Stop Chicken Little: The Truth about Traffic Calming  in Portland, Maine



 Stevens Avenue

Stevens Summary



Air Quality

Curbs, Medians, Tables

Pedestrian Accidents

Vehicle Accidents



Muskie Institute

Legal Aspects


MDOT data

SAP Lies


Opponent Petition

ATC Brochure

 Kane letters


Deering Oaks

State/High 2Way

Brighton Avenue

Capisic  Street


Stop Signs

   Brighton Avenue Narrowing Project ,  May 6, 2001

During the Spring of 1999, then Mayor Thomas Kane announced the formation of the Mayors Task Force on Brighton Avenue, headed by Councilor James Cloutier. This was a response to a number of people who were complaining about Brighton Avenue traffic going out to Westbrook. Some people were having problems crossing the street. The study that resulted from their efforts was called The Mayors Task Force Report on Brighton Avenue (MTFRBA). Catchy.....

        Brighton is a major arterial of Portland and  handles a lot of traffic. It was two lanes each way, with a speed limit of 30 MPH. The Task Force was proposing that the road be made one lane in each direction with a center turn lane, have a maximum speed of 25 MPH, and be speed humped.


                        Traffic was speeding.

                        Traffic volume could be reduced by narrowing; causing traffic diversion .

                        Road would be safer and more efficient with 3 lanes versus 4 (two travel and
                        one middle turn lane versus 4 travel lanes).


                        Inhabitants on street just did not like the traffic volume.

                        Traffic was moving at a realistic pace (30-40 mph, in 35 mph zone).

                        Traffic will continue to increase no matter how many lanes (MTFRBA).

                        Accidents, road rage, congestion, and air pollution will increase (FHWA).

                        Portland DPW head William Bray against narrowing.

                        Portland Traffic Engineer Larry Ash against narrowing.

                        Project designer Thomas Gorrill against narrowing.

                        Federal Highway Administration against narrowing, as more dangerous.

                        Residents on street now have much harder time getting out of driveways.

                        Neighborhood residents have harder time getting out of side streets.

                        Cloutier and City Council full speed ahead.

        Even after all the hooplah of the Stevens Project the Task Force committee didn't seem to know that national guidelines prohibited humping major arterials. There are rather expensive and extensive  federal regulations and procedures that have to be abided by when doing such, but that didn't stop them. Ignoring the regulations worked on Stevens, didn't it?  

        This fiasco existed until they applied for federal funding to "study" the situation.

        The application hit the FHWA office in Augusta the same day that an irate citizen called to protest this travesty. He was told "Don't worry, THAT's not going to happen" (FHWA Region I office in Albany echoed Augusta). Funding was approved for the study, but contingent upon the road remaining part of the National Highway System, which the end of Brighton was within. That eliminated the speed tables.  The Task force was dead in the water for a while.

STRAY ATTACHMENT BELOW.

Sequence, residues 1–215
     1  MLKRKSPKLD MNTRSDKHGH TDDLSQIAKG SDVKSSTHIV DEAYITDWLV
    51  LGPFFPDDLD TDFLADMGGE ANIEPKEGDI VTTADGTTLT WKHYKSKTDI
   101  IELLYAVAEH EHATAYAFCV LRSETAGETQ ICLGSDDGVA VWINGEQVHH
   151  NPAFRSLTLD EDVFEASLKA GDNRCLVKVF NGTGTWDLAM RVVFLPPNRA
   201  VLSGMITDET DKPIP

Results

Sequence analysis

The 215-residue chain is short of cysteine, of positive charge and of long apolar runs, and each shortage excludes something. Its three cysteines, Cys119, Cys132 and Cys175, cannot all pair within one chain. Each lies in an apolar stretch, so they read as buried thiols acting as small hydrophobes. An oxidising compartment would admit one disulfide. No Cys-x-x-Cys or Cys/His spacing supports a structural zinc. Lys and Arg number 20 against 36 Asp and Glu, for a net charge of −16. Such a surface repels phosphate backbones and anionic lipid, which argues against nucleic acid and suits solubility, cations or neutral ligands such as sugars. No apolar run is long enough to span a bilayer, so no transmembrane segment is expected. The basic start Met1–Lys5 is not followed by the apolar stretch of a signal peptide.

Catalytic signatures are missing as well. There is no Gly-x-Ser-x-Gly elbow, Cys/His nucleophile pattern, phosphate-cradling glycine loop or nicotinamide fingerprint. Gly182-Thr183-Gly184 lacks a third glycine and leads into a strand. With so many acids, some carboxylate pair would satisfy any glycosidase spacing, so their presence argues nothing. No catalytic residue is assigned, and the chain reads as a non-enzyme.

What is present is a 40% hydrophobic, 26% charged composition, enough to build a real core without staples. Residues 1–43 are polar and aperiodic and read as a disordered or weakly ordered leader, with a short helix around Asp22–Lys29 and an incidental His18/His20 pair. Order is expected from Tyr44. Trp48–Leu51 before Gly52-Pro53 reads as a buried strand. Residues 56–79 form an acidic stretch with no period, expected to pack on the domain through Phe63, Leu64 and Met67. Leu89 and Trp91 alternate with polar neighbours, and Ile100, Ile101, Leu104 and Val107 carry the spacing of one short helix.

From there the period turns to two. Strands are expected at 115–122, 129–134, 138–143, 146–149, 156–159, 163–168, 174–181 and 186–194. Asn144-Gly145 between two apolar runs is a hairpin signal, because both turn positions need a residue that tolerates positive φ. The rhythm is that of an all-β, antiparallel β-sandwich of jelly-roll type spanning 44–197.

(UPDATE May 6, 2001: Brighton was narrowed to two lanes, one each way, with a center turning lane, between Colonial Road and Capisic St. 

         This was done even though the City Traffic Engineer, Larry Ash, and the project designer, Thomas Gorrill [late of Deluca-Hoffman, now out on his own] , and the head of DPW William Bray, all recommended against it.

          One has to question why the City Council hires experts to do a job, and then ignores their professional findings--in fact orders them to proceed against their better judgment....

          In addition, the area just to the east of Colonial Road is a high accident area, with a Critical Rate factor of 3.46 [about 3.5 times the normal rate for roads of its kind.] What happens is that two lanes of traffic coming out of the intersection get narrowed to one, hence more collisions. The Councils answer to this problem was to create the same dangerous situation on the other side of the road, to make it "safer!")

(UPDATE 2011: Brighton is still three lanes, and the traffic is going as fast or faster than ever. An MDOT traffic engineer lives in that area, and he says the neighborhoods hate it, because they now have a very hard time getting out of the side streets, as all the traffic is lined up in one lane versus dispersed into two.  The locals wish they'd kept quiet.

       What is very interesting is that the accident rate has fallen!  It's done so most likely because the road is more dangerous than it was before. With just one travel lane, and things moving as fast as ever, people are paying attention! Hey! It works!

I think what might have happened also is that the feds told the City that while YES, the City could take Brighton out of the National Highway System, if they did, the City would not be able to get any money from the feds for repairs in the future.

As is mentioned in the Deering Oaks section, taking Rte.77 out of the NHS system would mean that the City would have footed the entire bill for the rebuild of the Casco Bay Bridge: $37,000,000.

In the end, it's money that talks.